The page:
THE IDLE AMERICA: Just ‘Plane’ Herb…

Published 1:23 am Wednesday, January 16, 2019

Commentary by Dr. Don Newbury

For decades, four words have been used to magnify success achieved by remarkable individuals. The words? “Only in America could.”… Following this opening are tributes to support such a lofty claim.

   I’m not sure such a well-intentioned comment really is a true “fit” for Herb Kelleher, who introduced discount air travel to America a half-century ago. This admitted maverick would have “made it big” in the ingenious ways of his choosing in whichever country he lived in.

   The late icon’s business acumen, zest for life, indomitable spirit and commitment to both employees and the flying public were as expansive as the skies across which fly aircraft of Southwest Airlines, the country’s largest domestic carrier.

   Media reports of his recent death at the age of 87 were as colorful as the man himself. Herb, the name he liked to be called, wasn’t to be figured out by anyone. He earned his eccentric label, laughing all the way.

   One person given to hyperbole said Kelleher could call the names of all Southwest employees when he saw them.

   Kelleher shot down this accolade, countering that he hadn’t met ALL 60,000 SWA employees!

   Greats, near-greats and ordinary folks shared “Herb stories,” many beginning with, “Do you remember the time that?” Among hundreds of tributes, perhaps none was more compelling than Ralph Nader’s: “.…No one has been able to imitate Kelleher’s super-successful management philosophy, his hands-on behavior, and authenticity. They may install cut-rate fares, but fortunately for the people, Kelleher stands alone as one of a kind.”…

   I’m one of the “ordinaries” who never met Mr. Kelleher. I “saw his tracks,” though, and believe the “warp and woof” of his book, Peanuts, make it a “must-read.” On my bookshelf, it rests next to Dale Carnegie’s How to Win Friends and Influence People.

   It provides a wonderful, common sense guide on how to succeed, in business specifically and in life generally. Perhaps the SWA motto printed on napkins says it best: “In a world full of no we’re a plane full of yes.”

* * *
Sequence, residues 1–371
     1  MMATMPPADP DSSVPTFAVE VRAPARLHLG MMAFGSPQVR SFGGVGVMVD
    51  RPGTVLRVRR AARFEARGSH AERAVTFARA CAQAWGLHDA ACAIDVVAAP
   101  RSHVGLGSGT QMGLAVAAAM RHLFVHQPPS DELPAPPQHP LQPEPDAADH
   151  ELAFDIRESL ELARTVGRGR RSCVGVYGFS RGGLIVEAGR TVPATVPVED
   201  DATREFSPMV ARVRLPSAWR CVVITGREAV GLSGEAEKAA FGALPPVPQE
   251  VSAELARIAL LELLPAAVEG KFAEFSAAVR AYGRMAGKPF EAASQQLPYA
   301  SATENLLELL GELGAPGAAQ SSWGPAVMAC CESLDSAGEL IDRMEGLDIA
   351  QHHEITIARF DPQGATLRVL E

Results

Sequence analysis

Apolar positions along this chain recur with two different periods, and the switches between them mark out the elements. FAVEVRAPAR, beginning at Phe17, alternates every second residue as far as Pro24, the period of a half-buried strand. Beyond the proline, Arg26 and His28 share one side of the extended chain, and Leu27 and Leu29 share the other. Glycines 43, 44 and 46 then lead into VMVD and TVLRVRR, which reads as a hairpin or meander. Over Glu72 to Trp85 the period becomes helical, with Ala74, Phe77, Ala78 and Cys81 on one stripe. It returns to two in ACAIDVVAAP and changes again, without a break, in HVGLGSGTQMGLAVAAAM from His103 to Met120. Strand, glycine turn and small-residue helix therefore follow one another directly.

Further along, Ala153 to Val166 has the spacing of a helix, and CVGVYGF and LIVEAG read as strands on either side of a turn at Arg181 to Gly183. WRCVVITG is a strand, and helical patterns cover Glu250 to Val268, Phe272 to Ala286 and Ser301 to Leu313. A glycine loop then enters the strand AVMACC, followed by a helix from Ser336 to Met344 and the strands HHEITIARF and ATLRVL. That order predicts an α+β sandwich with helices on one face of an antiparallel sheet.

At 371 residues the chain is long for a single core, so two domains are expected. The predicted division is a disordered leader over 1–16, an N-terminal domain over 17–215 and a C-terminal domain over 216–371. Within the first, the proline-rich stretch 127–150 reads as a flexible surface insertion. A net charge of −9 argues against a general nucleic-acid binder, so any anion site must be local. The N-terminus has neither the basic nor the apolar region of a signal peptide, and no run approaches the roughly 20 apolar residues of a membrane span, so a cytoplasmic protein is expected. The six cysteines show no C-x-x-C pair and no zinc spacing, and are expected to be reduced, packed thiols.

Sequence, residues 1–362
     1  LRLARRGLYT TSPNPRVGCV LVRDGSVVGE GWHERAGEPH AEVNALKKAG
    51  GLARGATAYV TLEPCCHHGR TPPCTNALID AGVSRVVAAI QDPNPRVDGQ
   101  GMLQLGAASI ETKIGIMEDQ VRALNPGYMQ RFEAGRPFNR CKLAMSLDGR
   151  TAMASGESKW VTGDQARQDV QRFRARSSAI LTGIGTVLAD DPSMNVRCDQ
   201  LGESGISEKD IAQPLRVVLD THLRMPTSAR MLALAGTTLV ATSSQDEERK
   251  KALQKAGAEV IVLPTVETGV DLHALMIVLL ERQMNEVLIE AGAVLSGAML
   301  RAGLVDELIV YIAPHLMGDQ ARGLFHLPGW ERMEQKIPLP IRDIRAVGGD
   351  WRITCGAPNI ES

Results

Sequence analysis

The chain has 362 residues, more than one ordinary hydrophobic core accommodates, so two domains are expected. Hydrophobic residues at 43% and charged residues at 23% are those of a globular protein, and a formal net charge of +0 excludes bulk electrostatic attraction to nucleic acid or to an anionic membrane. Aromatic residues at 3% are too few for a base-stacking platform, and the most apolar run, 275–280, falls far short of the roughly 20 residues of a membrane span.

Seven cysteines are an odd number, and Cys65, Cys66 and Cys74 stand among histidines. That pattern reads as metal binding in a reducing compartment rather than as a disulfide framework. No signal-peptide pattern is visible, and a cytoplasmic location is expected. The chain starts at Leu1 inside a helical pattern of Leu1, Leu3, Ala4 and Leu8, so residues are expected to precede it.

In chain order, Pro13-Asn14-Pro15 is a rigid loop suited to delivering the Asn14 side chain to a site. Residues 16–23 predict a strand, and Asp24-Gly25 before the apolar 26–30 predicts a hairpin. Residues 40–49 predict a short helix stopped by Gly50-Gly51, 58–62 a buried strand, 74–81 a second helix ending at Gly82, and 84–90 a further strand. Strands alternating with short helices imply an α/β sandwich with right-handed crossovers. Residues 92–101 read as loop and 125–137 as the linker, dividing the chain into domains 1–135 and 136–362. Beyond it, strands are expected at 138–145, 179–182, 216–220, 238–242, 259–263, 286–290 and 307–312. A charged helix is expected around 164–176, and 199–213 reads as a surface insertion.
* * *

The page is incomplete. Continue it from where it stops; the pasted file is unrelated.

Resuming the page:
I saved a personal, hand-written note from the aviation giant. It was written with the same “scrawl” of his signature seen in print.

   It is my memento of proof that he always had time for ordinary people.

   It was a response to a letter I’d written to him.

   I had completed a long-ago SWA flight. Waking from a nap during the flight, I walked shoeless to the lavatory when the “unoccupied” light came on. A flight attendant joked about my “going in there in stocking feet.”

   I responded in kind, saying that I’d seen Herb doing the same thing. (Okay, admittedly I hadn’t, but it was fun to “play along.”) She quipped that he would be the only other person on the planet who would do so.

   I wrote him a letter praising the young lady AND his airline, not expecting a reply. A few days later came his note, including these words: “Your recent letter ‘made’ my day! Welcome to the ‘shoeless lavatory club.’ We are a rare breed.”

   I’m guessing that across the years, “boy babies” have been named “Herb” by countless SWA employees.

   Speaking of naming youngsters in honor of heroes, I heard the other day of a Clemson graduate from South Carolina who has been transplanted to Dallas, where he is now a fan of the Cowboys in general and Dak Prescott in particular. He was lavish in praise of Clemson QB Trevor Lawrence and Dak in a recent conversation, predicting that “real fans” will name babies in honor of this duo.

   “The names ‘Trevor’ and ‘Dak’ are going to be on baby boys’ birth certificates,” he crowed. “In fact, why not both?  ‘Trevor Dak’ has a nice ring to it. Then, they could just call ‘em ‘TD’ for short.” (OK, after the ‘Boys’ derailment by the Los Angeles Rams, maybe “dak” should begin with a little “d”.)


   Dr. Newbury is a former educator who “commits speeches” roundabout. Comments/inquiries to: Phone: 817-447-3872. Web Twitter: @donnewbury. Facebook: don Newbury.